aul Cutfield has been a hunter all his life. But for Paul, watching a fantail flit through the forest branches and land briefly on his shoulder, before dancing away again, is as much part of the hunting experience as bringing home venison for the freezer.
His steep hill farm, Homeburn, borders the Aorangi Forest Park in the south-eastern corner of Wairarapa. As well as being a Department of Conservation-managed forest park, it is also a recreational hunting area, an area established by DOC where recreational hunting is used (though not exclusively) to control wild animal numbers.
Paul is an enthusiastic supporter of both hunting and conservation, and is spokesman for a group of Aorangi deerhunters who have developed a plan to "bring the birds back" to the forest park, largely through a pest control programme to reduce rodents and possums. Paul and fellow hunters, alongside the local community and environmental groups, wil l carry out the pest control and monitor its success.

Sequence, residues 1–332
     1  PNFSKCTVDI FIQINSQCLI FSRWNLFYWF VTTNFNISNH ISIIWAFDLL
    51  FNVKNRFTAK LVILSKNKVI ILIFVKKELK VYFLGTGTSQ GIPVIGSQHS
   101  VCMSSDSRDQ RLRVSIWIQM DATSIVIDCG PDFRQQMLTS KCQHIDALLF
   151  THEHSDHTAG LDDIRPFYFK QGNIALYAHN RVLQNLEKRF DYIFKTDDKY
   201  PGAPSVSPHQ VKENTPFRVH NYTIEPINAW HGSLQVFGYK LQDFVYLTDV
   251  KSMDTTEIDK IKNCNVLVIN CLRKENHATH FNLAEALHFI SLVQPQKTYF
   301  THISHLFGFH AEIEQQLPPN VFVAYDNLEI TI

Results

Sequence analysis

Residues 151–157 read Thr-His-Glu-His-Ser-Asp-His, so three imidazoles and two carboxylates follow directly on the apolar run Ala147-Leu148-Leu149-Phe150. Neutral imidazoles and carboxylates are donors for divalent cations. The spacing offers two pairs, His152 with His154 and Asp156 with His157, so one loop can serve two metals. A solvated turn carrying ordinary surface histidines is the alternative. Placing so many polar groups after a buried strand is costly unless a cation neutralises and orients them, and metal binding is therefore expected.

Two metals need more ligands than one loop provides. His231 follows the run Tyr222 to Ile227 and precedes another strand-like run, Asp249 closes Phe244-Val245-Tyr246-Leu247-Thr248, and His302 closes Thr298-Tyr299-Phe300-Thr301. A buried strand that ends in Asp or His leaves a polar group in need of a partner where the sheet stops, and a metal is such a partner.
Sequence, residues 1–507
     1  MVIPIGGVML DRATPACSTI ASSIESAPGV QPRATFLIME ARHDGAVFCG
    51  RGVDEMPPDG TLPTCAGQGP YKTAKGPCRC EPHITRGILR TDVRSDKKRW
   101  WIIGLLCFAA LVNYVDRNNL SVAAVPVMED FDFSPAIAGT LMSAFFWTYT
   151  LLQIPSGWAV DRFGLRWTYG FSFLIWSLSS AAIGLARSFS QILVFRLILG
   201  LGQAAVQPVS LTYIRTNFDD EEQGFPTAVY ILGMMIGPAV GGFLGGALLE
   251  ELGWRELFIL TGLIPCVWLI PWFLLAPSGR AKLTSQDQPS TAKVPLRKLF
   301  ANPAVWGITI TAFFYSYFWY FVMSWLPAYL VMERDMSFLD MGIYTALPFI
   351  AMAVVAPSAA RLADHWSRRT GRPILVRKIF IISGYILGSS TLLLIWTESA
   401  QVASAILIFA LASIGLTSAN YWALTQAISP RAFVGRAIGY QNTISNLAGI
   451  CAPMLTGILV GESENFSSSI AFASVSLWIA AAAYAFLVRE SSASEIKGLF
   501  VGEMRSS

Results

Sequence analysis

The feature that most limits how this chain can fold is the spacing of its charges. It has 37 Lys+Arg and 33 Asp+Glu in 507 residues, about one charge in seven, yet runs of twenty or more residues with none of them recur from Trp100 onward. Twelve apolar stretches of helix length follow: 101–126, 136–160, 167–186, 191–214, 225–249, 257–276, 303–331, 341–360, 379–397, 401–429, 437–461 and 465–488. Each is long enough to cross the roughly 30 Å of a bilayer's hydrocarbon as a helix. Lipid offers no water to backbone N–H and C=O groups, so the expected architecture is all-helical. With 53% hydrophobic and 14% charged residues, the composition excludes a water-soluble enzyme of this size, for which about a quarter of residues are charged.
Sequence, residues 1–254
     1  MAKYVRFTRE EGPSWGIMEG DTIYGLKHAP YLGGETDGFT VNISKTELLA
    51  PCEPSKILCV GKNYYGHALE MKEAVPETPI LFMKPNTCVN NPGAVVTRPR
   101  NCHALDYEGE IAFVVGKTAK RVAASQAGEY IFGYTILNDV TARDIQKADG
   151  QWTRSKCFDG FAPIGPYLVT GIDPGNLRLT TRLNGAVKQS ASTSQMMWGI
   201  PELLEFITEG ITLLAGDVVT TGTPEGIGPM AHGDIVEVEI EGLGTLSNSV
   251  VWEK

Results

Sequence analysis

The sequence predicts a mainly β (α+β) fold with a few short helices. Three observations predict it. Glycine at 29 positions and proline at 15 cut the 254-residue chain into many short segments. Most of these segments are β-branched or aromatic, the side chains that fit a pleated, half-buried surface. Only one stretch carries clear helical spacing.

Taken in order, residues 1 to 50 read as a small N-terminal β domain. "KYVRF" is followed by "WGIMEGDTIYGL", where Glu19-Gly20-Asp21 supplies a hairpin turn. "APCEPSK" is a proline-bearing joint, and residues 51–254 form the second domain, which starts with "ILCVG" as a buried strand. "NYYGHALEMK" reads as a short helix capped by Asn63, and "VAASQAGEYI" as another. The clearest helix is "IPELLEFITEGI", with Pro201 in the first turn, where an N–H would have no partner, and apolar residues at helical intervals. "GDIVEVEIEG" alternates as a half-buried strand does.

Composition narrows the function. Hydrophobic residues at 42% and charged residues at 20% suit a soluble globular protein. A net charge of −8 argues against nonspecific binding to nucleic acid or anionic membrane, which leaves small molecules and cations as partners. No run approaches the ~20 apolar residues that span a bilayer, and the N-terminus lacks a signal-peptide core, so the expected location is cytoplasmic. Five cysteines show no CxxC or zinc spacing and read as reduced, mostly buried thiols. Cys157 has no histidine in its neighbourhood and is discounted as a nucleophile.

The group proposes to focus initially on a 1000-hectare block of forest - a mix of lowland and upland forest, reaching from river flats up the steep slopes of the ranges behind. After trialling the project here, it is hoped that eventually the project could cover 17,000ha of forest.
Forest & Bird Lower North Island Field Officer Aalbert Rebergen says he doesn't know of any area of similar lowland forest anywhere else in Wairarapa and Hawkes Bay. Most of New Zealand's lowland forests were cleared long ago to make way for grazing and development - most of our remaining forest is on our mountain ranges.